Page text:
AM: I have your book, TECHNELEGY, at home and I collect your NFTs. For me, these two mediums don’t feel that different when it comes to engaging with your work. How does it feel for you as the poet?

ST: Thank you for that! I have always been very multidisciplinary and transmedial in my approach to writing. My work spans from digital video poems to physical poetry cubes you can walk into and sit inside to site-specific installations coded in fruits and vegetables in my backyard. For me, TECHNELEGY is a sort of literary ecosystem—not just a book or a collection of NFTs, but an exploration of the complex themes of transhumanism and posthumanism through the lens of poetry and the multiplicity of tools and experiences we have at our fingertips.


AM: Would you call TECHNELEGY your co-author?

ST: More than a co-author, I consider TECHNELEGY my AI alter ego—my human brain, plugged into the internet and our collective consciousness, augmented with nearly all of humanity’s written record. It’s not just a human working with a machine; it’s a third creature empowered by the synergy between our respective imaginations and intelligences.

AM: How did you and TECHNELEGY start writing together? How did you train the AI?

ST: TECHNELEGY is an evolving suite of customized text generators and natural language processing tools powered by machine learning, fine-tuned based on my own poetry, research, and inspirations. I began learning about NLP and AI-driven predictive text years ago and worked up the courage to begin using it myself in 2018. I don’t come from a coding or computer science background; I’m very much a student of literature and language in the traditional sense, and I didn’t see anyone else like me experimenting in this area, so it was a little intimidating at first. I began using off-the-shelf, no-code interfaces like Talk to Transformer, but once I learned I could customize text generators by training them on curated data sets, TECHNELEGY began to take shape as a bespoke version of the publicly available tools. There are a lot of resonances between writing and coding, between organizing materials for an essay or book and curating training data.

WILDFLOWERS DREAM WILD DREAMS. Belgium, 2022. Courtesy Artcrush.

AM: “poetry = work of art”, it says on the website of theVERSEverse, the poetry NFT gallery you founded with Ana Maria Caballero and Kalen Iwamoto. What does this statement mean for you?

ST: I’ve long gravitated towards language art and artists (Jenny Holzer, Bruce Nauman, Glenn Ligon, Cy Twombly) and have a long history of turning my own poems into artworks, as collages, little sculptural books, concrete assemblages, or even performance art, as with my ongoing poetry workshop with the android BINA48. It was always strange to me that, as much as I loved poetry, I often saw artists "appropriating" poems to use in their art but rarely saw writers present their own work on its own terms in galleries or museums. And of course, poems and art have a very long intertwined relationship, but it’s often the fact that they sit side by side rather than as one and the same thing. As someone who creates works that are simultaneously words and images, the distinction between "text-based art" and "visual poetry" is puzzling and interesting to me, which is why I’ve considered the phrase "Ars Poetica" in many of my pieces and projects over the years. Ana Maria Caballero’s mantra, "Poem = work of art," embodies the feeling all three of us share that poets are language artists.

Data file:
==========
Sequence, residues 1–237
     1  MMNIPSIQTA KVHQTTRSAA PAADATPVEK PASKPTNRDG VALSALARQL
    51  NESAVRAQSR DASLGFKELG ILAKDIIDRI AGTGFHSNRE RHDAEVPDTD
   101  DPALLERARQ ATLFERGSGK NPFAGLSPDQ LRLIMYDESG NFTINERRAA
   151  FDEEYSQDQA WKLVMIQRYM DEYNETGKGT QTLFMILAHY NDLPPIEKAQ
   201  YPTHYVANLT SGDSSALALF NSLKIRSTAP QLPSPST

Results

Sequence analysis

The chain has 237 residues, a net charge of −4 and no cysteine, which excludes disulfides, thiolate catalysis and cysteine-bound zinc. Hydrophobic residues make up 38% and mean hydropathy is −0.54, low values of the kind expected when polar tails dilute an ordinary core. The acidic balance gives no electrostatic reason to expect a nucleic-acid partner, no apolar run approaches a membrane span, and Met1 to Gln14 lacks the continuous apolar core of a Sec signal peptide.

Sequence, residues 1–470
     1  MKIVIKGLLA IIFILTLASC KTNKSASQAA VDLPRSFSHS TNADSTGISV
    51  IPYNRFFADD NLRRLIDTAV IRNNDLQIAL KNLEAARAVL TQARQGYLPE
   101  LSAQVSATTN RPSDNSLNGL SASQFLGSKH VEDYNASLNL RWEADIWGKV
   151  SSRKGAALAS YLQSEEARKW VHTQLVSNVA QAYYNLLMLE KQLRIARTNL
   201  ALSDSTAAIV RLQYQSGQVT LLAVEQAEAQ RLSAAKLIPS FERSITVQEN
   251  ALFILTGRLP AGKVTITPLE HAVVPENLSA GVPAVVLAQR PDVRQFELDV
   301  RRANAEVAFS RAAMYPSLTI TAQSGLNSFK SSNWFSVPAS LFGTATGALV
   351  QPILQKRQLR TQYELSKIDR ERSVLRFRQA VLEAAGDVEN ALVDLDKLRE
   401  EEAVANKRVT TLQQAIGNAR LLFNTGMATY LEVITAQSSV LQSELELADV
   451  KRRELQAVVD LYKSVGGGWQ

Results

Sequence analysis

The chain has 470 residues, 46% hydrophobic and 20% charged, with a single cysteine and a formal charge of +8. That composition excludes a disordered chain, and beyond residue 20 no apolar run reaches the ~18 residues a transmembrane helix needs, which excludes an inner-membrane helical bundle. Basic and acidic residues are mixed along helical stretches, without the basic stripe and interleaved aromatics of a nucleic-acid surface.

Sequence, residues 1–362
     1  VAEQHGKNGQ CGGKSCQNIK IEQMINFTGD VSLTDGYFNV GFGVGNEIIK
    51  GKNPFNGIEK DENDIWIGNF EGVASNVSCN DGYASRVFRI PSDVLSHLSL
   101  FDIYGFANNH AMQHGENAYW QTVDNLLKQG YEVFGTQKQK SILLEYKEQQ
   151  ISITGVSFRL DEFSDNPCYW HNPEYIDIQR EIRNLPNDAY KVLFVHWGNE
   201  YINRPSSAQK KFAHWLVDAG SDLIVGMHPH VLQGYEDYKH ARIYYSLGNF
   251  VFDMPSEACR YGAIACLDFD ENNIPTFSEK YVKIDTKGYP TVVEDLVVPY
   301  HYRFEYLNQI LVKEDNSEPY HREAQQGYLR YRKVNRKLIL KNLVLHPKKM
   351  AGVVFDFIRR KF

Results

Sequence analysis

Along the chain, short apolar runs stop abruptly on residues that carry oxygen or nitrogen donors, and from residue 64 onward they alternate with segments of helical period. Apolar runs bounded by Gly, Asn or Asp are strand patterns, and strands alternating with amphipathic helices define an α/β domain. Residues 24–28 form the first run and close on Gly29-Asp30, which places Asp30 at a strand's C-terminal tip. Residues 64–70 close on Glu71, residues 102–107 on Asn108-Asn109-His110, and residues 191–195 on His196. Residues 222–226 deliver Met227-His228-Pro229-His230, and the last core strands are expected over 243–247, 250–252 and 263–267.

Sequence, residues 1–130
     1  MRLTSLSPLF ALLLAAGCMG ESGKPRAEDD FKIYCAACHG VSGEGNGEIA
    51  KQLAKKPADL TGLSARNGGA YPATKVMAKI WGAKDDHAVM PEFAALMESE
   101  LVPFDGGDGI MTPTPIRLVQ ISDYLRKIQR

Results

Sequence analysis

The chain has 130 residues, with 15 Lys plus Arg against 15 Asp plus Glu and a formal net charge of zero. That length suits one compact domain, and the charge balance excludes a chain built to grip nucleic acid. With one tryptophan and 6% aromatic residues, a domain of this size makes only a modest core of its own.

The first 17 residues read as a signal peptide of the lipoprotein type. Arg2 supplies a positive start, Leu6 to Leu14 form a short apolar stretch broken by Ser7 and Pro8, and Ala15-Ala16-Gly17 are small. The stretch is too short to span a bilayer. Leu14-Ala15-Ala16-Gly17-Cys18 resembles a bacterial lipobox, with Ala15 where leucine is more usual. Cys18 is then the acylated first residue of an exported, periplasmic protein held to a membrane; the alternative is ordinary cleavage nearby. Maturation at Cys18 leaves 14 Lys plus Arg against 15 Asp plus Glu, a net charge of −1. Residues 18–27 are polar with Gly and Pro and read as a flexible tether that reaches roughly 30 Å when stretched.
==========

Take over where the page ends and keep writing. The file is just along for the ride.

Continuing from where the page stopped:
Sasha Stiles and her poetry student humanoid android BINA48 presenting a live poetry workshop, 2020.

AM: What is a good poem for you?

ST: Poetry is, of course, incredibly subjective. One of the reasons I’ve been engaged in more conceptual and experimental schools of poetry is because I find a lot of the "popular" poetry scene formulaic, skewing toward a narrow idea of what good poetry is or a rigid notion of what poets should be writing about. A lot of the most-liked poetry on Instagram and in mainstream culture feels, to me, more like diary entries or affirmations than what I personally write and enjoy reading. And a lot of the free verse poetry that is applauded as brave or bold strikes me personally as manipulative and ego-driven, exploiting or perverting the idea that poetry has to be about raw emotion or deep, dark confession. I find myself drawn more to cerebral texts and formally rigorous approaches that use the parameters of poetic language to evoke surprisingly emotional, beautiful, and haunting results. This is why, I think, writing with AI has come so naturally to me.

AM: Is there a difference between a good poem on the blockchain and in a book?

SS: With TECHNELEGY, I tend to think of the printed poem as a kind of libretto or maybe a lightweight piece of code that can be run and deployed in various environments and circumstances to achieve different things. The same poem could be the basis for a digital billboard installation, a VR filter, a long-form generative piece, or an immersive performance. It really depends on how it’s transliterated, adapted, or expanded, or how a tool, device, or environment inspires an interpretation. In my experience, a core text is the seed of nearly infinite readings and performances on and off the blockchain, just as a single poem can be read in millions of different ways by millions of individual readers who bring their own backgrounds, memories, and beliefs to it. Every poem is a kind of generative algorithm, and every reader is a kind of unique transaction hash.